A MUCH-loved beauty spot which backs onto Winchester Cathedral could be built on, with the proposal sparking a planning battle.

Back in 2018, Alan Stone purchased Water Garden, off Colebrook Street, sparking fears that the land would be developed.

He reassured the city council this would not be the case, saying: "What’s the point of having something that beautiful and building on it?"

But now Mr Stone has applied to construct a two-storey dwelling in the close, as well as form two new openings in the garden wall.

The plan has prompted several calls to the Chronicle from conservationists.

Christopher McCall QC told the Chronicle: "Things change. A planning application has been made and it now seems that the owners no longer see the point of having something so beautiful, and do indeed wish to build on it.

"Private profit is, it seems, to outweigh the loss of public amenity. In view of unqualified assurances given so recently, and given for public consumption, may we hope that the council will see that this is a development which should not be allowed to proceed."

A spokesperson for the City of Winchester Trust said: "We don't just want to half-heartedly object the application because the house does not look very nice, because the applicant will come back with improved plans.

"The principle is we do not want any development here – we are keen to not have anything that will ruin the symmetry of this very peaceful area.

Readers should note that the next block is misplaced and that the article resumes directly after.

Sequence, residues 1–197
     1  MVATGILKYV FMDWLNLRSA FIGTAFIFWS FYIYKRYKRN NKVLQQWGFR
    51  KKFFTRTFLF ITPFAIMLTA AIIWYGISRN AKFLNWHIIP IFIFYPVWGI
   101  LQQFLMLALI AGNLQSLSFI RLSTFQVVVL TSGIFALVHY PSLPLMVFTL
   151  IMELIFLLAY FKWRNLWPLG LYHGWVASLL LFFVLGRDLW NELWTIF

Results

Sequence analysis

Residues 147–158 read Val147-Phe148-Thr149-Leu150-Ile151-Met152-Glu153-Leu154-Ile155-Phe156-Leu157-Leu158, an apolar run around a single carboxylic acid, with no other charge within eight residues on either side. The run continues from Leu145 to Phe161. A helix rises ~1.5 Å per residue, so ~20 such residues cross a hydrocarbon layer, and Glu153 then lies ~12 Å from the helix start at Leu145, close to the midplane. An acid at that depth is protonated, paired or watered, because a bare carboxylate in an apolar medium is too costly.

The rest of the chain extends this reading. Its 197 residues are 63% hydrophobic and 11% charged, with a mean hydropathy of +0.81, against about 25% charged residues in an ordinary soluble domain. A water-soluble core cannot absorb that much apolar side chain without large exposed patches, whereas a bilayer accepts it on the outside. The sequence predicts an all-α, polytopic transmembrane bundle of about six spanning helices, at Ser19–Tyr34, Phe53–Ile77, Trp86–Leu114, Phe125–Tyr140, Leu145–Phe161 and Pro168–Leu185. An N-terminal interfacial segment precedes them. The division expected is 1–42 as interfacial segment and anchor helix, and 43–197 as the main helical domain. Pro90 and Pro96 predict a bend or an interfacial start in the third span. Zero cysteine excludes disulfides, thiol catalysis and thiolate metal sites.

"We are doing all we can to make people aware of these plans."

The spokesperson added that the planning application was submitted to the city council on September 14, but the orange notices were not put up until around October 24.

Members of the public have until mid-November to send written representations.

The Water Garden was created by Sir Peter Smithers, who served as Winchester MP from 1950 to 1964. It features a pond, classicial statue underneath a magnolia tree, only some 50 yards from the west end of the cathedral.

Stephen Harte has publicly objected to the application.

In a letter to city council planning officers he said: "Currently all who use the Water Close footpath to the cathedral enjoy the elegant water garden to Colebrook House.

"The rectangle of water is viewed through an opening flanked by well shaped piers each capped with a stone obelisk with open ironwork ornamental rail.

"The landscape open to public view has been designed with care for detail.

"This planning submission omits the most significant view through the pillars and the peripheral part hidden landscape each side.

"The proposal destroys the established formal symmetry of the landscape setting as viewed from Water Close."

The Chronicle has contacted the Richard Lowe who is Mr Stone's agent and awaits a response.

Alan Stone is the former leader of Hampshire Ukip.